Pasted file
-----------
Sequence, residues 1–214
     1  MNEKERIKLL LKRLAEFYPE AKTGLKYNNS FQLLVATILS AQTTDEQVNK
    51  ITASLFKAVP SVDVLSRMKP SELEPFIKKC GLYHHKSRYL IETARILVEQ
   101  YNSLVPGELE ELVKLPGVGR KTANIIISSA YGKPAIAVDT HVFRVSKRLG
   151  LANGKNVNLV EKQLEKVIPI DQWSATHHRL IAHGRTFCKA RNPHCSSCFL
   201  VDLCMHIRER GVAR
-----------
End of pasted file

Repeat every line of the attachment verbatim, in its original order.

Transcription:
Sequence, residues 1–214
     1  MNEKERIKLL LKRLAEFYPE AKTGLKYNNS FQLLVATILS AQTTDEQVNK
    51  ITASLFKAVP SVDVLSRMKP SELEPFIKKC GLYHHKSRYL IETARILVEQ
   101  YNSLVPGELE ELVKLPGVGR KTANIIISSA YGKPAIAVDT HVFRVSKRLG
   151  LANGKNVNLV EKQLEKVIPI DQWSATHHRL IAHGRTFCKA RNPHCSSCFL
   201  VDLCMHIRER GVAR